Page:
Overall, we establish that Tip60-complexes are present at promoter regions of active RNA polymerase II genes and that half of Tip60 binding sites overlap with binding of the somatic cell reprograming factor, c-Myc, known to regulate an ESC specific transcriptional module. Importantly, Tip60, NSL and MSL coactivator HAT complexes have a genome-wide overlap at many active genes, but their specific functions might be reflected in their distinct binding profiles around the TSSs. Moreover, Tip60 complexes define a subset of bivalent developmental genes and a subset of ESC-specific enhancers. Thus, our study suggests that the Tip60 complex is important for mESC pluripotency by acting as a global transcriptional co-factor at active genes and distal regulatory elements.
The ES cell line, E14 was derived from 129P2/OlaHsd strain blastocysts  and cells were cultivated on 0.1 % gelatine (Sigma, France) and CD1 feeder cells (37 °C, 5 % CO2) in DMEM (4,5 g/L glucose/w-Glutamax) (Invitrogen, France), 15 % foetal calf serum (PAA), 5uM LIF, 50 mM ß-mercaptoethanol (Invitrogen, France), penicillin (10,000 U/ml) and streptomycin (10 mg/ml) (Invitrogen, France), 200 mM l-glutamine (Invitrogen, France) and 1× non-essential amino acids (GIBCO, France). To work under feeder-free conditions cells were treated with 1 mg/ml Collagenase and 2 mg/mL Dispase (GIBCO, France) and cultivated for one passage without feeder cells on 0.1 % gelatine plates. Experiments were conducted with E14.wt cells at passages 26–29.
Chromatin immunoprecipitation coupled to Solexa sequencing (ChIP-seq)
ChIP was carried out as described in . For 500 μg of chromatin 6 μg of the well-characterized rabbit anti-Tip60 antibody mixture (RLPV, CLGT and CLHF purified polyclonal sera) was used . 8 ng of precipitated DNA from Tip60 ChIP was used for Solexa sequencing. Rabbit anti-IgG antibody (ab37415) was purchased from Abcam. To create a genomic library the instructions of NEBNext protocol (E6240, Biolabs) was followed. The library was validated with the Agilent Bioanalyzer. Single reads run sequencing was done with Illumina HiSeq 2000. Image analysis and base calling were conducted with the Illumina pipeline (1.8.2). The July 2007 Mus musculus genome assembly (NCBI37/mm9) from NCBI was used for the sequence alignment by the software Bowtie (0.12.7) . The analysis was conducted with unique reads. Read density (wig) files were created out of bed files by extending reads to 200 bp length and creating 25 bp bins. To detect ChIP-seq peaks the MACS14 peak-calling algorithm was applied using default parameters . The Tip60 ChIP-seq data were deposited in the Gene Expression Omnibus (GEO) databank under the accession number GSE69671.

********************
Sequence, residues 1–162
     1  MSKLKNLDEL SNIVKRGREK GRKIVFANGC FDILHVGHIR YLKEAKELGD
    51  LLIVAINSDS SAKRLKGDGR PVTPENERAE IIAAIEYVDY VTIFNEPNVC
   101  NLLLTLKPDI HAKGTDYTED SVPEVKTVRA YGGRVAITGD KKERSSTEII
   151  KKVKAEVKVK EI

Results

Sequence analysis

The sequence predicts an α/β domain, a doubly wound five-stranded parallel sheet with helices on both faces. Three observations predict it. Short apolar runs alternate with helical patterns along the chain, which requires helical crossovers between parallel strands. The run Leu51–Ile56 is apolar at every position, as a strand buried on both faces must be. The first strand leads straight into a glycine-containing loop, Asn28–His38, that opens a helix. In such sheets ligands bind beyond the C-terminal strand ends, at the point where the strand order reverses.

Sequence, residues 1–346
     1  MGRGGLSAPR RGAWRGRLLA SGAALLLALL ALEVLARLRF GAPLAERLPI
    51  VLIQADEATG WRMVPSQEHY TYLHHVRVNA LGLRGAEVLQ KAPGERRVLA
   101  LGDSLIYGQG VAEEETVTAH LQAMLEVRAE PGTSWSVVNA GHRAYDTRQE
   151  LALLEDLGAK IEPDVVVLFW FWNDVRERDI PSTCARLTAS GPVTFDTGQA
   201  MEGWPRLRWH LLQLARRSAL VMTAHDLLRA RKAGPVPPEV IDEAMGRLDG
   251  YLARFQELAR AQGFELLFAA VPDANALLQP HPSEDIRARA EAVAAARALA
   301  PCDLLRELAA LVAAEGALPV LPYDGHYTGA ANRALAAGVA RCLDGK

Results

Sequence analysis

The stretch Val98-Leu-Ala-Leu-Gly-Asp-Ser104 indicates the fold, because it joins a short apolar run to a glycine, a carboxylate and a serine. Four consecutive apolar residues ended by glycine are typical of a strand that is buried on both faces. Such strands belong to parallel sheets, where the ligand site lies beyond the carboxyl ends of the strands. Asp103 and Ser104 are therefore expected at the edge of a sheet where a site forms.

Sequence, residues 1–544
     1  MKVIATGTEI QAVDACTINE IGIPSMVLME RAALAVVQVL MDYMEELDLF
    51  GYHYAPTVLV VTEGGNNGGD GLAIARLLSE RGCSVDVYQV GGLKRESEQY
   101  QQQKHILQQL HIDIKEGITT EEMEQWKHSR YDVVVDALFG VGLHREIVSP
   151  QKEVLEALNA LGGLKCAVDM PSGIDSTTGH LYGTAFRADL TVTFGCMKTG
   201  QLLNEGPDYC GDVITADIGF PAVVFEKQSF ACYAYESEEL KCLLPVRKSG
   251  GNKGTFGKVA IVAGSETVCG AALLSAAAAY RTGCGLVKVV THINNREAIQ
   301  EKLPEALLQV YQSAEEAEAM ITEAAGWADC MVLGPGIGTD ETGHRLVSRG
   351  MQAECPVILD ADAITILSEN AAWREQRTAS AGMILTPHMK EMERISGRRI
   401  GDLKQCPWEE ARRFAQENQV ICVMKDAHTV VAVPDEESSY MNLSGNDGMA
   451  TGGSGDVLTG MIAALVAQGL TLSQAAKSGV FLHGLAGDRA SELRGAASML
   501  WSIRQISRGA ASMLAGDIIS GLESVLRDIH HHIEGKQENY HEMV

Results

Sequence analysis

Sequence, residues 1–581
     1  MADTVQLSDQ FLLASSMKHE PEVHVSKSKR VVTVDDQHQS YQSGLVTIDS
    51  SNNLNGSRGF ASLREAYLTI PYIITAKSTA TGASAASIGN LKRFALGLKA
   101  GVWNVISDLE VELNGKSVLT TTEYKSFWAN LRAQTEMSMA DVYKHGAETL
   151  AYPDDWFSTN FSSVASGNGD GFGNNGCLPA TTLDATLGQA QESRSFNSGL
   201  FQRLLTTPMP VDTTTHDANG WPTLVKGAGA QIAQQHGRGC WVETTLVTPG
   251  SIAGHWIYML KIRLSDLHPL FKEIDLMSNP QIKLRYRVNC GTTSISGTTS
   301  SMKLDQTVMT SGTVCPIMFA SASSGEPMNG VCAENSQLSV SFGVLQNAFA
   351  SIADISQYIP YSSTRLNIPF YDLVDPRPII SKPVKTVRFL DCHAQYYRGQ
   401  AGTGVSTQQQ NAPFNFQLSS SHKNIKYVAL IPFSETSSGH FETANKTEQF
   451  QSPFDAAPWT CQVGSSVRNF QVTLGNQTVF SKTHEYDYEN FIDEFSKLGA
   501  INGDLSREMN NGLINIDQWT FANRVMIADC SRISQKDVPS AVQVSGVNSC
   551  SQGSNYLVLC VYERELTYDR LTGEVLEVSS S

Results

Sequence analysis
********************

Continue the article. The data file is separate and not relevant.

For further analyses the following ChIP-seq files were included from Gene Expression Omnibus(http://www.ncbi.nlm.nih.gov/geo/): Input (GSM798320) , RNA polymerase II (GSM307623), H3K4me3 (GSM307618), c-Myc (GSM288356), Oct4 (GSM288347), Sox2 (GSM288346) and Nanog (GSM288345) , H3K4me1 (GSM594577), H3K27ac (GSM594578) , H3K9ac (GSM775313) , H4K16ac (GSM1056596) , p300 (GSM723018) , H3K27me3 (GSM307619) , Nsl1 (GSM1300940) and Msl1 (GSM1300939) . Tip60 data are deposited in GEO under the following accession number: GSE69671. Fastq files were generated from SRA lite format and aligned to the NCBI37/mm9 assembly using Bowtie (0.12.7) . DNAse I hypersensitive sites were taken from Encode/UW (GSM1014154). Detailed information summarizing all the used ChIP-seq files is presented in Additional file 3: Table S1.